I'm a Christian, a designer, and a gadget fan who lives in Cheltenham, UK.

This is my blog, a creative outlet to mess around and play with as well as a place that logs my thoughts and inspirations.

The Talent Crutch

Mica­heal Mis­tretta has been at it again. Anoth­er excel­lent post this time about The Myth of Tal­ent which brought to mind a les­son I learned back when I was 16 doing my GCSE’s.

I have a tal­ent, you have a tal­ent, every­one has a tal­ent. A lot of people don’t believe they have one, or simply haven’t found it yet, but we all have a tal­ent. I’m for­tu­nate in that from an early age it was appar­ent I could draw, that I had a nat­ur­al cre­at­ive flair. I used to draw a lot, but my draw­ings wer­en’t always obser­va­tion­al, the major­ity of them were designs. I’d design foot­ball kits, cars, robots and machines, whatever came to mind I’d design it. It’s what I did, it was how I was known.

But it’s not always been a good thing, and nearly led to a big, big slip up when I was doing my GCSE’s. Hav­ing gone through most of school, par­tic­u­larly early seni­or school, being told I was very tal­en­ted and just needed to be kept inter­ested in art I developed a reli­ance on my nat­ur­al abil­it­ies. I’d look around, see I was doing bet­ter than those in my class and think I was ok. That was until a phone call from my Mum to my art teach­er revealed I was­n’t doing enough. Yes I was doing more than a lot of oth­ers, but it still was­n’t enough. I was using my tal­ent as a crutch.

People use tal­ent as a crutch — an excuse: “I couldn’t pos­sibly do such and such because I’m nowhere near as tal­en­ted as so and so.” Sure, it’s easy to believe that it’s not your fault you aren’t good at some­thing, simply because you weren’t gran­ted that ‘tal­ent’ at birth.

In a sim­il­ar way I was using my tal­ent as a crutch. Not as an excuse to not try some­thing, but as an excuse to say “I’m nat­ur­ally good at this, I don’t need to work as hard as every­one else”. My aware­ness of my nat­ur­al abil­ity, or tal­ent if you will, was my crutch. It caused me to be too relaxed and too con­fid­ent. Know­ing you can do some­thing does­n’t mean you don’t have to do it.

Tal­ent is poten­tial. It is worth noth­ing if you don’t do any­thing with it. Telling me that you have tal­ent is abso­lutely worth­less unless you’re the kind of per­son that’s going to do some­thing about it… Becom­ing good at some­thing takes a lot more than just tal­ent. It takes hard work — pure, unbiased, hard work.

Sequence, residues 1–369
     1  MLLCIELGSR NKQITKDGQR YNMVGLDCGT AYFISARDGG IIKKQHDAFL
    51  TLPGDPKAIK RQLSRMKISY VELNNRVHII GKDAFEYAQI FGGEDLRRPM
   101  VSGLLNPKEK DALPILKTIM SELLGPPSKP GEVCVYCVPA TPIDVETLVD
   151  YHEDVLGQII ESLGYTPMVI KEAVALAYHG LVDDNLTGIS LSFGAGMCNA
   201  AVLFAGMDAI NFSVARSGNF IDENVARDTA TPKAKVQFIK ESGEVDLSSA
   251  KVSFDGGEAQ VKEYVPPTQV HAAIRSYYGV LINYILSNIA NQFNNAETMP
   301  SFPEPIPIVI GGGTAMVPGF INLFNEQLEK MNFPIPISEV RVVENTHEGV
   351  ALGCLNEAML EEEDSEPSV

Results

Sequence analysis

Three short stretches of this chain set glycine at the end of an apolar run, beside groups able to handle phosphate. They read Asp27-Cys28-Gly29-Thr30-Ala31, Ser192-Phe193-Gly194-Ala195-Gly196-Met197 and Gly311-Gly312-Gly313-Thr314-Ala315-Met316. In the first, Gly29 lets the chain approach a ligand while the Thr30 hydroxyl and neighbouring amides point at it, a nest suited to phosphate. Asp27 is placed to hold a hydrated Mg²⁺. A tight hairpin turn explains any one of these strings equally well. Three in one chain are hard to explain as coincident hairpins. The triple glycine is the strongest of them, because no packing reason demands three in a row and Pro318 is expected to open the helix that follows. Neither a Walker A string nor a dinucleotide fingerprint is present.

Some­thing I learnt that day when I came home to be told I was fail­ing. I still remem­ber that feel­ing. At first an incred­u­lous dis­be­lief, “I can­’t be, it’s what I’m good at.” Then a hor­rible sink­ing feel­ing as the real­isa­tion set in. I needed that GCSE to do what I’m doing now, if I did­n’t get it I had no idea what I would do.

Being told that I was fail­ing at some­thing I was nat­ur­ally gif­ted at was crush­ing, but I needed to be told. It star­ted a pro­cess which I’ve been doing ever since, work­ing at improv­ing my tal­ent. In 6 months I turned my GCSE around, I passed and it meant I could move on to even­tu­ally work as a pro­fes­sion­al cre­at­ive. It’s been hard, and some­times I’ve not been as good at it as I have at oth­ers, but that les­son has stayed with me and doubt­less will nev­er leave. It may be par­tially to blame why I don’t always believe I’m as good as I am, some­thing I’m often told, but it’s some­thing that makes me strive to be better.

I have three people to thank for help­ing me learn that les­son. My Mum for mak­ing that phone call then coupled with my Dad for encour­aging me, and God for giv­ing me par­ents who want the best for me. After all He gave me my nat­ur­al gift­ing and I was squan­der­ing it, not using it for the pur­pose He inten­ded. Rest­ing on my laurels was­n’t going to glor­i­fy Him, so He promp­ted them to make me real­ise what was happening.

To this day I believe I’m very for­tu­nate to have known I was nat­ur­ally good at some­thing from such a young age, many people after almost an entire life­time still don’t know what they are nat­ur­ally good at. I am forever thank­ful that I knew, but I’m even more thank­ful that I have a God on my side who wants the best for me. For that reas­on I try my hard­est to ensure all I do is for His glory, without Him I would­n’t be doing some­thing I love for a living.